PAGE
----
Guide for Planning DC Links Terminating at AC Locations Having Low Short-Circuit Capacities
|Publication Date:||26 June 1997|
Part I of the guide discusses the effects of various aspects of the ac/dc interactions on the design and performance of dc schemes where the ac system appears as a high impedance at the ac/dc interface bus; i.e., low and very low short-circuit (short-circuit ratio [SCR]) conditions. AC systems having zero or inadequate mechanical rotational inertia, such as island schemes with no or with limited local generation, are also considered. Environmental, siting, and construction issues are not addressed. General issues, such as steadystate reactive compensation and ac and dc Þlter requirements, are not in the scope of this guide, but would be included in a complete study for a particular dc scheme design. In order to assist those not familiar with dc transmission and convertors, a brief description of basic rectiÞer and inverter operation is given in Annex A of Part I.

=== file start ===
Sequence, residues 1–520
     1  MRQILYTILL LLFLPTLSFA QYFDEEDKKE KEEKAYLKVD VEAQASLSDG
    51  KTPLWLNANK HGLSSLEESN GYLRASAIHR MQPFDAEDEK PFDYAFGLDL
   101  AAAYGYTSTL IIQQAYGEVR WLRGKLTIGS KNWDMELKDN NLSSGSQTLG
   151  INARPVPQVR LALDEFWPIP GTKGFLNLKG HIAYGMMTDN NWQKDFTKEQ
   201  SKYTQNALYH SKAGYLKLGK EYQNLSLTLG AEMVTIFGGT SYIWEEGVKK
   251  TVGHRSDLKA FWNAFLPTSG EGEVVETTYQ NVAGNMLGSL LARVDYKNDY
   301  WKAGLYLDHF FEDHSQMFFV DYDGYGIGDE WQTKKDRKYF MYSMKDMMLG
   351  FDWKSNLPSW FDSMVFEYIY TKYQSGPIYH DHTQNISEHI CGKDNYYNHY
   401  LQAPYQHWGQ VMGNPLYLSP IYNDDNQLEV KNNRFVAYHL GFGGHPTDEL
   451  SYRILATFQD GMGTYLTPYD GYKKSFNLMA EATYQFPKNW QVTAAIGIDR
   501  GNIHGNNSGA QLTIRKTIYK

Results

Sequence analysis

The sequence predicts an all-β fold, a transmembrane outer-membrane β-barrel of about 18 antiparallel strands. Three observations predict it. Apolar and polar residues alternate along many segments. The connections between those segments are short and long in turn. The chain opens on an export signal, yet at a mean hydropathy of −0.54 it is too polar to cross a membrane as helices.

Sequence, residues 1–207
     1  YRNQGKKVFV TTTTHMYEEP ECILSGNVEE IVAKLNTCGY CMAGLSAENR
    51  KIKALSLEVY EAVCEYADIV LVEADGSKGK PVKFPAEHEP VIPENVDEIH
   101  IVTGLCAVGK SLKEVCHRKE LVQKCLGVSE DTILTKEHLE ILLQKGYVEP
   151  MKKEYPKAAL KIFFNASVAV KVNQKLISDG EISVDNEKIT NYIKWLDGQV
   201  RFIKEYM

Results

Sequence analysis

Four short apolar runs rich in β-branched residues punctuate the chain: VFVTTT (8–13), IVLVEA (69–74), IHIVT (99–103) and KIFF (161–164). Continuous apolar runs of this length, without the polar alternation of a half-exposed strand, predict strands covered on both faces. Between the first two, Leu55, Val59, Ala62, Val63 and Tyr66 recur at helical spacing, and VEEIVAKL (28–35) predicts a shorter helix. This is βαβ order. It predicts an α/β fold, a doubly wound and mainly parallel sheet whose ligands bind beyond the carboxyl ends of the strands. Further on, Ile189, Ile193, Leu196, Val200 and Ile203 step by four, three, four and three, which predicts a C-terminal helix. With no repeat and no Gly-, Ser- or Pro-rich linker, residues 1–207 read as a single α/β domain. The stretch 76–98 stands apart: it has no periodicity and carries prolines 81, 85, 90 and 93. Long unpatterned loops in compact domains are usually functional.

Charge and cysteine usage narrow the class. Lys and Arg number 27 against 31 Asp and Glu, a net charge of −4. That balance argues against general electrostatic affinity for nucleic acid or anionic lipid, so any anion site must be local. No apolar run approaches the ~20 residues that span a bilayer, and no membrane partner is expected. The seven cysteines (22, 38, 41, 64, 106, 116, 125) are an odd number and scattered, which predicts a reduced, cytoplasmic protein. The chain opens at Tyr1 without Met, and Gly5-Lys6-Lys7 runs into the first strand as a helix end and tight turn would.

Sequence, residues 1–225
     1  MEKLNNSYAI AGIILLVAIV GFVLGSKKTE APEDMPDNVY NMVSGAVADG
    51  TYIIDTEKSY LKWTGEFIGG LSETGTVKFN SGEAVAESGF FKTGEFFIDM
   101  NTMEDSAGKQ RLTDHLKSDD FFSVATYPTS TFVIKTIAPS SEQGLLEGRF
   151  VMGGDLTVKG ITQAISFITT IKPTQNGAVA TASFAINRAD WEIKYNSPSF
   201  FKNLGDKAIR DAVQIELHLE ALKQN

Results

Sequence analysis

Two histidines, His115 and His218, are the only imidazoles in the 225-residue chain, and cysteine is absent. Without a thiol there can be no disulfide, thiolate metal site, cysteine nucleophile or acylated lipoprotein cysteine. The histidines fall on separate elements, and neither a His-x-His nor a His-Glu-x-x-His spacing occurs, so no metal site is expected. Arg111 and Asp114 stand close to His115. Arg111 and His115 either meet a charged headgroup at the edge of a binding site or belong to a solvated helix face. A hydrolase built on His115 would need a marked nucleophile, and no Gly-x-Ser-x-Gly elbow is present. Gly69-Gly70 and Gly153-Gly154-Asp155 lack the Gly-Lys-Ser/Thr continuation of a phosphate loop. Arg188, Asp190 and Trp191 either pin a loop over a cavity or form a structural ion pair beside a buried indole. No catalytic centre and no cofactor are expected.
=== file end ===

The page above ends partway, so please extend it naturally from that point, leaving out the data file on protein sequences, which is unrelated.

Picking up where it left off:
Part II of this guide, which is bound together with Part I, considers how the ac/dc interaction phenomena described in Part I should be taken into account in the planning and the preliminary design of ac/dc systems having low or very low SCR values.
The purpose of Part I of this guide is to address factors required to be considered in the design of dc transmission schemes in the context of system interactions resulting from dc links terminating at ac system locations having low short-circuit capacities relative to dc power infeed and for cases where the inertia of the ac system is too low for satisfactory operation. The following ac/dc interactions are considered: power, voltage, and frequency instabilities; harmonic resonance-related instabilities; subsynchronous torsional interactions; temporary overvoltages; and recoveries from ac and dc faults.